In America, many of our daily decisions are made out of a consumer's mindset. Everywhere we look are persuasive ads about how we should make those choices.
This mindset unfortunately has contaminated how we create art. Instead of creating out of a freedom, we tend to restrict ourselves to the rules of a commercial game. We want to please those who open the doors to financial success. While writing a song, we say things like, "A radio station wouldn't play that kind of song, so maybe we should pursue another direction."
But I believe that when art has true integrity, a by-product is that it will be desired by consumers, and radio will play it. (It may sound naive, but how can I convince myself to create outside of the commercial boundaries without believing that?) So rather than trying to write a song that contains marketable characteristics, we can focus on writing a song that is great art, and as a result, will sell.
A lot of radio stations have played the same safe music for years, mainly because what has worked in the past still "works" today (there are still people listening). Rather than fixing something that arguably/presumably isn’t broken, record label promotion teams have reacted by shaping their product to the mold that radio wants. Like a line of dominoes falling backwards, the songwriters have also felt the pressure to adapt in order to be competitive. The songwriter who writes something outside the box hardly has a shot at their song being heard over the airwaves. The result of this cycle is that each song ends up sounding like a slight version of the one before. If everyone’s aiming at the same bull’s eye, there will only be so much variation. It seems fair to call these songs average, because by default, they are lacking special distinction, rank, and status.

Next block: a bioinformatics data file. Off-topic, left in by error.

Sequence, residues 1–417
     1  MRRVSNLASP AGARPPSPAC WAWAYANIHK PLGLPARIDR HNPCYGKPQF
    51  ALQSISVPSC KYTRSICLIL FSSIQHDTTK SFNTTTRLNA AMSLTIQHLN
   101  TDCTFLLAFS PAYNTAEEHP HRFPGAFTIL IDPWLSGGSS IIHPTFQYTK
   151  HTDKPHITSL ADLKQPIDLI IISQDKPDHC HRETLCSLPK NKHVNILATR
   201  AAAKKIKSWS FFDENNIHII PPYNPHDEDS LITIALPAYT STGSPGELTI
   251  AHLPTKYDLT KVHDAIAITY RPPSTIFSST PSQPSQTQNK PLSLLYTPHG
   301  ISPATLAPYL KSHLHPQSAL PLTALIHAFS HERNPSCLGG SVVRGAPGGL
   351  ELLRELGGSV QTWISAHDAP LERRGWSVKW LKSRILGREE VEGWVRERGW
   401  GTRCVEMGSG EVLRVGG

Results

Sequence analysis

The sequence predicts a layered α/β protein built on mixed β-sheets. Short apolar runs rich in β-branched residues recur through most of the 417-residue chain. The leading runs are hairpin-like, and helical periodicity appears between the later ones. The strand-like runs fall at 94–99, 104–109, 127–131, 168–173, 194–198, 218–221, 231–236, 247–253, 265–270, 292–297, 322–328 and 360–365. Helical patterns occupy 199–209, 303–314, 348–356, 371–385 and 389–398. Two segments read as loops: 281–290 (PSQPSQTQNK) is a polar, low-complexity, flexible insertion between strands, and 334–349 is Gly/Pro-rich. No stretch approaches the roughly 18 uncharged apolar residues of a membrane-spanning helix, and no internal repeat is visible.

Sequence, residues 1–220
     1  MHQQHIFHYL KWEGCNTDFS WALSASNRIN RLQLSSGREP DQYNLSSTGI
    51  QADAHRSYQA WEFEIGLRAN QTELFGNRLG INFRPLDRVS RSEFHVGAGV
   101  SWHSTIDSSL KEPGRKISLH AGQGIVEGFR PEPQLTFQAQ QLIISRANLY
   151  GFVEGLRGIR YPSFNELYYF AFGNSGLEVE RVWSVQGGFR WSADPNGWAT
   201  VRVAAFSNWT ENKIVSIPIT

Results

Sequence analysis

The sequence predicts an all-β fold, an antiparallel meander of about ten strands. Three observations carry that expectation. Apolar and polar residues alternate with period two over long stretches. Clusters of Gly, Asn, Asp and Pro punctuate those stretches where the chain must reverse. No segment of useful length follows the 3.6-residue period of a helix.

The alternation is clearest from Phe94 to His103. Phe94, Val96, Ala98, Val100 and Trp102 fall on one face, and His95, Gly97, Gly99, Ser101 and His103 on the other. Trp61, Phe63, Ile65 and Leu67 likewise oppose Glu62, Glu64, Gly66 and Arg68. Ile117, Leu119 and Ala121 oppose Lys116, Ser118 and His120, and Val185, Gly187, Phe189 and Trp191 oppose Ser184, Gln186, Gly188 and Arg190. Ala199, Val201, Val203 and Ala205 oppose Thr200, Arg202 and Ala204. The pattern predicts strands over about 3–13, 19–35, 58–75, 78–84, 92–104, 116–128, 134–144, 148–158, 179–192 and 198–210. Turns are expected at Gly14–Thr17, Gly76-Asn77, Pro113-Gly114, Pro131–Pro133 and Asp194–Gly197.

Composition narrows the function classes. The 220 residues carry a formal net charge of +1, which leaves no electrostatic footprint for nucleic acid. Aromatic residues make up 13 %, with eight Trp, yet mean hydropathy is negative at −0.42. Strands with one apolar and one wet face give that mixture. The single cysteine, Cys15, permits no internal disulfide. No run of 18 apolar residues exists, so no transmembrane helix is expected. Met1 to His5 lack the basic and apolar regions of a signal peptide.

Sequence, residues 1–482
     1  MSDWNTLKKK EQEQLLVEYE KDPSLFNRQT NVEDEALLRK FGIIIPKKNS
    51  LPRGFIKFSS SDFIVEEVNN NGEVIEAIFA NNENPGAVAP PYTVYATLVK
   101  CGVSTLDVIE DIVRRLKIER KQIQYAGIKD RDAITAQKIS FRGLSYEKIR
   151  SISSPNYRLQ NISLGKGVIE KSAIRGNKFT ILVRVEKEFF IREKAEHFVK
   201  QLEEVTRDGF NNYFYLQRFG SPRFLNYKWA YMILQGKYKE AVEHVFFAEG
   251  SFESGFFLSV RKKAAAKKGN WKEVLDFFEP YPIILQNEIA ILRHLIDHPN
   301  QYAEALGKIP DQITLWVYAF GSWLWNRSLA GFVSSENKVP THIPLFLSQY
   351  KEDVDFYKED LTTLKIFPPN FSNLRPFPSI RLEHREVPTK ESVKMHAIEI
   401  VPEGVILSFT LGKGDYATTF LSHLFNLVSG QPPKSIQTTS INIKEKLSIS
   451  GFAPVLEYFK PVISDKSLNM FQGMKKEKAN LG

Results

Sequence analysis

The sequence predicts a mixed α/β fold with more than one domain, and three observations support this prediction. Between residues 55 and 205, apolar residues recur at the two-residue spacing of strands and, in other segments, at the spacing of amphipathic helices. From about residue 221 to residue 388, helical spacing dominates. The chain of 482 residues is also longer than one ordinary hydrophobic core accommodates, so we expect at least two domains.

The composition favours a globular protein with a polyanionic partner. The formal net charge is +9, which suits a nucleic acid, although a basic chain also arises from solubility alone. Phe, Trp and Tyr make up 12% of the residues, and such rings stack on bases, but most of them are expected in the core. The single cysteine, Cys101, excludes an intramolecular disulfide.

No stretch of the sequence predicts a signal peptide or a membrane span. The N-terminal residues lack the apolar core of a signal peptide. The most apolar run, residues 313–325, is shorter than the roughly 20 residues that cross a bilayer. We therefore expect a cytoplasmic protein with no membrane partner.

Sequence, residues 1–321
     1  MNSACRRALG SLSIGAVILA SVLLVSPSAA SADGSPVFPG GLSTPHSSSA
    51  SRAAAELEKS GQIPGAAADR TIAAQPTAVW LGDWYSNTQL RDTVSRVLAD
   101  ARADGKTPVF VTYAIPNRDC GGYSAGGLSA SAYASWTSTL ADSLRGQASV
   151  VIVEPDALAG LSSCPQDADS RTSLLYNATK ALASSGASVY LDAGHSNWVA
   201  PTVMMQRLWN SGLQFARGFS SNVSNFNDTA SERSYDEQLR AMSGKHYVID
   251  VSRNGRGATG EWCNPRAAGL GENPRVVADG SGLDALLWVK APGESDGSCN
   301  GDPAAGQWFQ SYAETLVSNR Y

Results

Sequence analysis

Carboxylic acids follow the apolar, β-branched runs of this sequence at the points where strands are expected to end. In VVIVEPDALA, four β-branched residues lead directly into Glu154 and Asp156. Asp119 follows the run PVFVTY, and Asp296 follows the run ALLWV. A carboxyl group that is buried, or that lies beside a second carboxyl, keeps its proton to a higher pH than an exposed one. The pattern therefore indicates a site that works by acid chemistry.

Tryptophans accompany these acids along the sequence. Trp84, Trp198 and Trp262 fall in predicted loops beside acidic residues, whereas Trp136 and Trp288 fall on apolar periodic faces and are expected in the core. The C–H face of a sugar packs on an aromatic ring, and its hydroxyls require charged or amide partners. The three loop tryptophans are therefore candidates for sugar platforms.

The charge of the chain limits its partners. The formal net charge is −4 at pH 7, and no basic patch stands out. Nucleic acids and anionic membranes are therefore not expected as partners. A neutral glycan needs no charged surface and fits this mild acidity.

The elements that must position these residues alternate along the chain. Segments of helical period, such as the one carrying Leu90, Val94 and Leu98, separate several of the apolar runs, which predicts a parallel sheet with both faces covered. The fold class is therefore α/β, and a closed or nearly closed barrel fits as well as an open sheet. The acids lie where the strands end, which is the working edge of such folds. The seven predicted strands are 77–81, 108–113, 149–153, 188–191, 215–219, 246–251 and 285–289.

Deep down I want to believe that the best songs make it onto albums and over the airwaves, but that unfortunately isn’t always the case. It often feels like there are more behind-the-scenes politics than a November election. The challenge to the professional songwriter is to be true to his/her own voice while making a living writing songs for an industry that doesn’t treat new voices kindly. It’s the new voices, however, that cause the craft of songwriting to grow.